Thank you for all the nice comments on the Infamy post. I actually wanted to start a discussion on some of the points raised in the piece in Wisden rather than go for all that praise stuff. I don’t do this for praise.
Since I wrote it I’ve had a piece in my mind about the press and blogs. I am under no illusions. The vast majority of journos who read this blog, and I know a few do, probably think I am what Andrew Strauss called Kevin Pietersen. I get that. I’m not exactly coming to them in an attitude of peace and tranquility. I want to try to hold them to account. Believe me, I know many of the issues that confronts them, I’m not daft. The modern press is also, in many ways, a completely different animal to even 10 years ago. Everyone is a critic, everyone has a voice, and the digital age means clicks and hits drive a lot of the reporting, and time pressures mean deadlines and holding stories back is much more difficult. It’s a modern world, and even I can’t keep up.
The modern media includes podcasts, discussions and analysis of output. To that end, let’s take a look at the podcast on the Lord’s site that some of you pointed me to. I want to refer to it to set up some of the issues for later in the piece.
I’ve listened to a good deal of the Lord’s podcast where Strauss, in my mind, proves his complete unsuitability for the new role in the England line-up. No, it’s not about KP, but it’s about the line about “building towards the 2019 Ashes”. There’s a bloody World Cup in the intervening period, at home. There’s a World T20 in India (?) and a Champions Trophy in England. There’s also other exciting test series against the likes of mercurial Pakistan, difficult South Africa and other such match-ups. We concentrate on the Ashes?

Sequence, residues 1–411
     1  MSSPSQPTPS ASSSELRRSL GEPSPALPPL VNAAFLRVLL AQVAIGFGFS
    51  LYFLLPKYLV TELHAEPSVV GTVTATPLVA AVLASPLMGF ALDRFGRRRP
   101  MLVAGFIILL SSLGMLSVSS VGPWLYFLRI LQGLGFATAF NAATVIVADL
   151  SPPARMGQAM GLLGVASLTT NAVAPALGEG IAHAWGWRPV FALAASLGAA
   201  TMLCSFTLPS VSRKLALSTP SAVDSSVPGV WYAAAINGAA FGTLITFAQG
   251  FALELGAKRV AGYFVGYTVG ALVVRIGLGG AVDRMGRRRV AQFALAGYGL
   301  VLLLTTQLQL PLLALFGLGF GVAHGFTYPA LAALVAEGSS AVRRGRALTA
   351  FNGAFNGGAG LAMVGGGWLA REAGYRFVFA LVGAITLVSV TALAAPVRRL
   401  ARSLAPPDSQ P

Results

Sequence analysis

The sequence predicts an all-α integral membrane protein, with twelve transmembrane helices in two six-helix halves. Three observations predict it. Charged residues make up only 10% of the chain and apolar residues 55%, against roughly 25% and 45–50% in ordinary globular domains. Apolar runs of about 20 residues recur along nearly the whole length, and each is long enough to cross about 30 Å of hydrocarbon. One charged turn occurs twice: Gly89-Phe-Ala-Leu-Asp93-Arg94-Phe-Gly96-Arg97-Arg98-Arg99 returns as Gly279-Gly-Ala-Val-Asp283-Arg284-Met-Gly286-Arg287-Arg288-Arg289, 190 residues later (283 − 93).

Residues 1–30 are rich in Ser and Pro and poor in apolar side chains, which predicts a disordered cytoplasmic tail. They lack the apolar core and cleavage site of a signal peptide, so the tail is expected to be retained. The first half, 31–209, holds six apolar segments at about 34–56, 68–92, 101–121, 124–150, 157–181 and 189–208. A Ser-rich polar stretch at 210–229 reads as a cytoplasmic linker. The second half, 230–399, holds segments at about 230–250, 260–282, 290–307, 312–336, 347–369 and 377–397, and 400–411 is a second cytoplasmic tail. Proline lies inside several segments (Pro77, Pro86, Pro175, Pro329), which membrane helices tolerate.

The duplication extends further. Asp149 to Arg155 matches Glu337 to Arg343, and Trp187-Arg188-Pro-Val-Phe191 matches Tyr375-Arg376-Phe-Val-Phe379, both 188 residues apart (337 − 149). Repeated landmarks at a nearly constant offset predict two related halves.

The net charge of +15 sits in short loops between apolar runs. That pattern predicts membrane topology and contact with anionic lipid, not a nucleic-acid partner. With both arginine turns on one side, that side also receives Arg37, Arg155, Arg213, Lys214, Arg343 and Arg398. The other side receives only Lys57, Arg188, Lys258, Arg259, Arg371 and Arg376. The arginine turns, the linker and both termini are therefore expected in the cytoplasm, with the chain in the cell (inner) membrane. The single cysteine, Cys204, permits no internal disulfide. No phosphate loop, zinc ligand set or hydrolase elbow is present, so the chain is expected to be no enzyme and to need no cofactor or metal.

A tweeter on my LCL feed pointed out in response to my “how did building go this winter” pointing out that we did not play test cricket. Of course, I meant how did building to this World Cup, by agreeing to mess the Ashes series about, clearing the decks of test cricket and playing ODIs almost exclusively since the end of August go in building to that aim? I couldn’t get that in 140 characters, so did it here. And that’s the point, just because you have some nebulous concept of “building” towards something, doesn’t mean we will do it. I recall a podcast on 5 Live before we went to Australia in 2013 and Flower was most assuredly building towards that. This is a vacuuous concept, one I want no part of. There are far too many good teams, far too much cricket to be played, rightly or wrongly, to try to get away with saying its OK to lose, and OK to exclude KP, as long as it is in the greater good to winning the Ashes in 2019. What a load of old baloney.